Andasibe-Mantadia National Park
Andasibe-Mantadia National Park, also known as Périnet, offers an exceptional wildlife experience. Within easy reach of Antananarivo, Andasibe-Mantadia is one of Madagascar’s most popular destinations with the chance to see the indri – the largest lemur – as well as much more. The neighbouring Mitsinjo Forest also offers the unique experience of being able to visit primary rainforest at night.
Andasibe-Mantadia National Park was established in the late 1990s and refers to the co-managed areas of Analamazaotra Forest (also referred to by its colonial name, Pérniet) and Mantadia which is further north. Whilst the parks can be visited in conjunction, Andasibe holds popular appeals thanks to its exceptional wildlife with a number of lemur species as well as birds and reptiles, whereas Mantadia’s primary rainforest is usually seen as more of a specialist destination for real enthusiasts. The close proximity of Andasibe-Mantadia to Antananarivo making it easily accessible, along with the well maintained walking trails, means the park is very popular.
Andasibe protects a total of 810 hectares and is particularly well-known for its lemur population, with the largest species – Indri indri being found here. With their bear-like features and standing at approximately one metre tall, the Indri indri has a distinctive call which sounds like a whale and its powerful legs can propel it up to 10 metres through the trees. There are another 11 species of lemur resident in the park including Goodman’s mouse lemurs and woolly lemurs. As well as lemurs, there are chameleons and tenrecs to look out for as well as some great rainforest endemic birds including the blue coua and nuthatch vanga. Just outside of Andasibe National Park is Mitsinjo Forest which holds appeal as you can go on night walks which will allow you to see nocturnal species, which aren’t possible in the main national park.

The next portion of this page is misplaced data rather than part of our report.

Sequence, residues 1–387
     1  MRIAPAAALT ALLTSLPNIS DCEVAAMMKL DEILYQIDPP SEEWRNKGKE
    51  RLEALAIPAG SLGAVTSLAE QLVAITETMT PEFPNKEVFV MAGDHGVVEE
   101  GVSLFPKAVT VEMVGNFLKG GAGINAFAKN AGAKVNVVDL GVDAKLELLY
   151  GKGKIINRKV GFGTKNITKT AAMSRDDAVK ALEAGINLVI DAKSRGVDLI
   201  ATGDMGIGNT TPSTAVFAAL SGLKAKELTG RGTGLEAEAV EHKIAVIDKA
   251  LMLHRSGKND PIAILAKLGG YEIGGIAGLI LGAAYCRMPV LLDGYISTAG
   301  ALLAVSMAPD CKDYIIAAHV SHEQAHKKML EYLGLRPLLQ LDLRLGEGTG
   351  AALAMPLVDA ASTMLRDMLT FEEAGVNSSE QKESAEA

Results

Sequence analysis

Mantadia is less-accessible with more testing trails and is more of a specialist destination as the wildlife is harder to spot, but the sightings are rewarding. The smaller number of visitors that Mantadia receives in comparison to Andasibe means that it is easier to get off the beaten track and see species that are rarely seen. The park is also famed for its primary rainforest which is virtually untouched with only a few trails, meaning that there has been far less impact. Highlights for naturalists include superb birding with the wonderful ground-roller as well as the diademed siafaka.